President Obama today will sign a proclamation creating the largest marine reserve in the world - three times the size of California, totaling 490,000 square miles.
The move is a six-fold expansion of the existing Pacific Remote Islands Marine National Monument, which covers several small U.S.-controlled islands and atolls in the central Pacific to the west of Hawaii. It's existing size is just 87,000 square miles.
The designation bans commercial fishing, dumping and mining in the national monument's waters, home to "deep coral reefs, seamounts, and marine ecosystems unique to this part of the world among the most vulnerable areas to the impacts of climate change," according to the White House. Environmental groups are calling this a "historic" move to protect precious wildlife.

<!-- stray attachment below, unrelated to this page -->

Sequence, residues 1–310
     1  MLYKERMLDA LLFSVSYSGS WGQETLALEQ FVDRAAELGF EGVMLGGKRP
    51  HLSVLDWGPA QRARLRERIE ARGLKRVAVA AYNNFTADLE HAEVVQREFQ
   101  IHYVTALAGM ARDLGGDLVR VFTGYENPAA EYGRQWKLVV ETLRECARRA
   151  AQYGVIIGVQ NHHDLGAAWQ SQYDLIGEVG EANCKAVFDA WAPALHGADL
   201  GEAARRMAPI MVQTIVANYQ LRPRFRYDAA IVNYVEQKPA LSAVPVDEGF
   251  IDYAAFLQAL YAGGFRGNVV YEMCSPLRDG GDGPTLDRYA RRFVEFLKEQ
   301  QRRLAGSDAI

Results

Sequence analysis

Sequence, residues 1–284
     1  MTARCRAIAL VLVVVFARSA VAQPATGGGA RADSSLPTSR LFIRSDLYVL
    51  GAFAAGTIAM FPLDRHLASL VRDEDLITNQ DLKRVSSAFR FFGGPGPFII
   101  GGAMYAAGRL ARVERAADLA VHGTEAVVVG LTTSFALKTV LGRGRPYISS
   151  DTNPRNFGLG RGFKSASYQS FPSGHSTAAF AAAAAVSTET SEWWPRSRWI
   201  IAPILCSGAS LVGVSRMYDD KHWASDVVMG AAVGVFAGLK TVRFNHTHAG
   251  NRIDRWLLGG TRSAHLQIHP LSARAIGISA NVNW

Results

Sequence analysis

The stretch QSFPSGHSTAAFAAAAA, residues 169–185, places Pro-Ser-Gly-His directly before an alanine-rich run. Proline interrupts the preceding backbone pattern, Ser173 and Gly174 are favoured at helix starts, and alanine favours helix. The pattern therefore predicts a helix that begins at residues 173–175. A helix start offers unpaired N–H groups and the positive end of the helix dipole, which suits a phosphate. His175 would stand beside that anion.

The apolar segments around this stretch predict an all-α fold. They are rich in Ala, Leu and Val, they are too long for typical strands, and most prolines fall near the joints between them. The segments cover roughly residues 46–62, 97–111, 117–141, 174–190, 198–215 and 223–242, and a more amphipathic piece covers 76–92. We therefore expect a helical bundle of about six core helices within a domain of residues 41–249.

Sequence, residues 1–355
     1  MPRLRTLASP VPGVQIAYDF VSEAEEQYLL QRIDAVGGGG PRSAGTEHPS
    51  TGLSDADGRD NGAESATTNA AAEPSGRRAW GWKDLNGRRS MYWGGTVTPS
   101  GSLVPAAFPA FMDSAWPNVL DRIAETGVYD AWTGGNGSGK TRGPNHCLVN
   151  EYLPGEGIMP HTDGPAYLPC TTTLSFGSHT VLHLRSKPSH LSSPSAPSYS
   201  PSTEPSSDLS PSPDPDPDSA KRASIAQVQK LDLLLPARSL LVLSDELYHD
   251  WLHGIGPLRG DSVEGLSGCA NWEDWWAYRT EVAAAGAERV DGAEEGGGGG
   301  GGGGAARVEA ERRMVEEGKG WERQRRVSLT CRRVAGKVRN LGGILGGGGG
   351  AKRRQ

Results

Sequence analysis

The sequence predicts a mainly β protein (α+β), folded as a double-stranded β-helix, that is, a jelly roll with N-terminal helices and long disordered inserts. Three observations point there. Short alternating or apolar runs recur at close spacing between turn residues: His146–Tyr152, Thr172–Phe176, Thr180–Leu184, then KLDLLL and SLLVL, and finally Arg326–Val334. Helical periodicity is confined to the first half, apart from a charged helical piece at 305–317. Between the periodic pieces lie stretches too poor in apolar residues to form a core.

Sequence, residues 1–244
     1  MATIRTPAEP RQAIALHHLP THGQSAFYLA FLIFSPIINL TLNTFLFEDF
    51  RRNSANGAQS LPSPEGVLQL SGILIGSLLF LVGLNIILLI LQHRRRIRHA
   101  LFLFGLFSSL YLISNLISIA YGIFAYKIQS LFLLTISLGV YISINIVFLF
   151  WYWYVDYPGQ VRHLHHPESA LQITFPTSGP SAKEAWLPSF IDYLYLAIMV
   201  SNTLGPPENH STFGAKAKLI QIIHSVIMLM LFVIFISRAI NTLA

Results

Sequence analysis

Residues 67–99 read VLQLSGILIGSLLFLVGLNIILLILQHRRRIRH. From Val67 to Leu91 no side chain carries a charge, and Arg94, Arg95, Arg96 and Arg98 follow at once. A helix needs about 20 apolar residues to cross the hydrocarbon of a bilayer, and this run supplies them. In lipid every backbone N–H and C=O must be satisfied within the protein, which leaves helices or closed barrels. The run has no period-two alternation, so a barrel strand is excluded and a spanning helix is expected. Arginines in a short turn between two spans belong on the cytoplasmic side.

- Marine Conservation (@savingoceans) September 25, 2014
With more than 100 wilderness requests mired in Congress, Obama has repeatedly taken executive action on his own. He has used his authority to designate more acres of federal land and sea environmentally-protected areas than any other president in the last five decades.